Karla Sanchez-field work-Engineers WeekWater Authority Senior Engineering Technician Karla Sanchez said one of her favorite parts of her job is working in the field to ensure construction projects are meeting specifications in the contract. Photo: San Diego County Water Authority

Celebrating 79 Years of Engineering at the San Diego County Water Authority

The San Diego County Water Authority is celebrating National Engineers Week by highlighting how the agency’s engineers are instrumental in keeping the water flowing to San Diegans.

Since the Water Authority’s formation in 1944, engineers have played a pivotal role in the establishment and growth of the agency and its commitment to delivering safe, reliable water supplies to San Diego.

The Water Authority’s first general manager, J. L. Burkholder, who oversaw the completion of Pipeline 1, which gave San Diego access to the Colorado River in 1947, also held the title of chief engineer. At the Water Authority, National Engineers Week is a time to remember its roots while also appreciating the team leading it into the future.

“Preparing the next generation”

Water Authority Assistant General Manager Tish Berge, who is a registered professional chemical engineer, explained the importance of having a strong presence of engineers in organizations like the Water Authority.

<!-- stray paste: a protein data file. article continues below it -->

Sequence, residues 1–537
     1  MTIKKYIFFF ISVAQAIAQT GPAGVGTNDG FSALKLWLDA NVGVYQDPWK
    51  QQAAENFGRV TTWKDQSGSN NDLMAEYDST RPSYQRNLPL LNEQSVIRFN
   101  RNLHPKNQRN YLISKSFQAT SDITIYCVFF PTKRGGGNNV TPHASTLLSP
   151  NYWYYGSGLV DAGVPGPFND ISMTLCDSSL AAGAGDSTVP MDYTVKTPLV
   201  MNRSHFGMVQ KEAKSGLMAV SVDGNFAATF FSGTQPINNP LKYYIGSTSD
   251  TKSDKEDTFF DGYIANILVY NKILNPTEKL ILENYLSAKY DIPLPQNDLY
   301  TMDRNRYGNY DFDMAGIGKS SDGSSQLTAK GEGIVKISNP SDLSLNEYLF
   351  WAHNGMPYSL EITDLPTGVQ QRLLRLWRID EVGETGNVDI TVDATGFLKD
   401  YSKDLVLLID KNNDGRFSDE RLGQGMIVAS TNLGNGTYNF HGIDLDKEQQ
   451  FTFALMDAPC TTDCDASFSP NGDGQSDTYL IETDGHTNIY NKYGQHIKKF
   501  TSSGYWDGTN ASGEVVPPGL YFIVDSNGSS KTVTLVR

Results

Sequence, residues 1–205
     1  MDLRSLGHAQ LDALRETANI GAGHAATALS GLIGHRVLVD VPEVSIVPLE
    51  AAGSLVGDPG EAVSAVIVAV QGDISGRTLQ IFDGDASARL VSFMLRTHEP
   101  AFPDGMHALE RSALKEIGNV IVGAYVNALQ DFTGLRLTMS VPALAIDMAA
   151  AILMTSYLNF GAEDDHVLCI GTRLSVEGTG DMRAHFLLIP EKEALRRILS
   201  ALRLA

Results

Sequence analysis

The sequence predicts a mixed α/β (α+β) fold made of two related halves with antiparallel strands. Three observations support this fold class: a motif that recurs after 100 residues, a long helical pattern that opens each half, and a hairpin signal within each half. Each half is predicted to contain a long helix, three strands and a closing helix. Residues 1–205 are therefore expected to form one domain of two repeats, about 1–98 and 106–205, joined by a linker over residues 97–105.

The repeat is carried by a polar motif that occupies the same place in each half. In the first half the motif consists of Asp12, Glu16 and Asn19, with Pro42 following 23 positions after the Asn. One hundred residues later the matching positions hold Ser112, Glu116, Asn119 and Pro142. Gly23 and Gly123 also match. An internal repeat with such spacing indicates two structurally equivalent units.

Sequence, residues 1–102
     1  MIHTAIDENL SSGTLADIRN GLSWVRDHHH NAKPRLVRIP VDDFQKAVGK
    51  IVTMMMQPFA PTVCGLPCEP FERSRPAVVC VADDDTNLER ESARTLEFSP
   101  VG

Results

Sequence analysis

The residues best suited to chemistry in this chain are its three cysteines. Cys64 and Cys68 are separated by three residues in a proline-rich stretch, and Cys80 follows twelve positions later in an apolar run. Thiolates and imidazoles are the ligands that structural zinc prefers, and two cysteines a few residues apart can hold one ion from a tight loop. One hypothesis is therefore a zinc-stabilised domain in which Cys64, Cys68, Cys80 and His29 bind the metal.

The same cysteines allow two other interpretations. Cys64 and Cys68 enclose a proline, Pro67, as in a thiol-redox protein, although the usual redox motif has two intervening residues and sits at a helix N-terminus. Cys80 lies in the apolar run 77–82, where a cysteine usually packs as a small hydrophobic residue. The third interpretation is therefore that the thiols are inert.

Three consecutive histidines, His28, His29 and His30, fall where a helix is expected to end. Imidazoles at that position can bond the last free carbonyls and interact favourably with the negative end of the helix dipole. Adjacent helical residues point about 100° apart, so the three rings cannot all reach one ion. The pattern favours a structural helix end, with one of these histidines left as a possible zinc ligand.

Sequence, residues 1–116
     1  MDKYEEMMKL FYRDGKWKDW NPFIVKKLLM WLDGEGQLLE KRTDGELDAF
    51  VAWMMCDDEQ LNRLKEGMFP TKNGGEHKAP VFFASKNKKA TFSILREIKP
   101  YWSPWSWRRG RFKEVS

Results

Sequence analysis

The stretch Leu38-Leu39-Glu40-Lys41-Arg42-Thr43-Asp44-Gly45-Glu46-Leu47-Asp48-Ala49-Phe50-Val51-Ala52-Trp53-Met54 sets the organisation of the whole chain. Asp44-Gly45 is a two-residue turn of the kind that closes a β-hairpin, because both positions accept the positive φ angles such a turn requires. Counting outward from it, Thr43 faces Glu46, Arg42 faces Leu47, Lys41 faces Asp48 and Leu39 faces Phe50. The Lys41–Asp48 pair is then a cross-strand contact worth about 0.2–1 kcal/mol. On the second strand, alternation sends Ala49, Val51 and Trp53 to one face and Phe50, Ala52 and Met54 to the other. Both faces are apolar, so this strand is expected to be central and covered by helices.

“Engineering at its core is problem solving,” Berge said. “That type of thinking is applicable at all levels within an organization.  At this stage in my career, the most rewarding aspect of my job is leading talented individuals and preparing the next generation.”

The Water Authority has 23 staff members that hold professional engineering or engineering-in-training licenses.

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(L) San Diego County Water Authority Assistant General Manager Tish Berge, a registered professional chemical engineer, and (R) Emma Ward-McNally, engineer and construction manager at the Water Authority. Photo: San Diego County Water Authority

Love of science

Emma Ward-McNally, engineer and construction manager at the Water Authority, said her love for science and curiosity of the world around her drew her into the field of engineering. She said her passion for problem solving keeps her going.

“I love my job because no two projects are ever the same and they all offer unique challenges and opportunities,” Ward-McNally said.

Asset Management – Underground

At the Water Authority, problem solving can look a little different than other retail water agencies, said Principal Asset Management Specialist Eric Rubalcava, who is a professional engineer.

Large diameter pipelines and structures allow for Rubalcava and his team to physically go inside the infrastructure for inspections. A typical inspection over the course of 10 days will cover 12 miles of pipeline. Rubalcava and his crew look for visible cracking of the pipeline liner, exposed or corroded metal, coating failures, spalled concrete, pulled joints; anything that provides evidence that our infrastructure is in a degraded state.

For Rubalcava, the job is rewarding because of his direct involvement in keeping the water system reliable by determining infrastructure needs.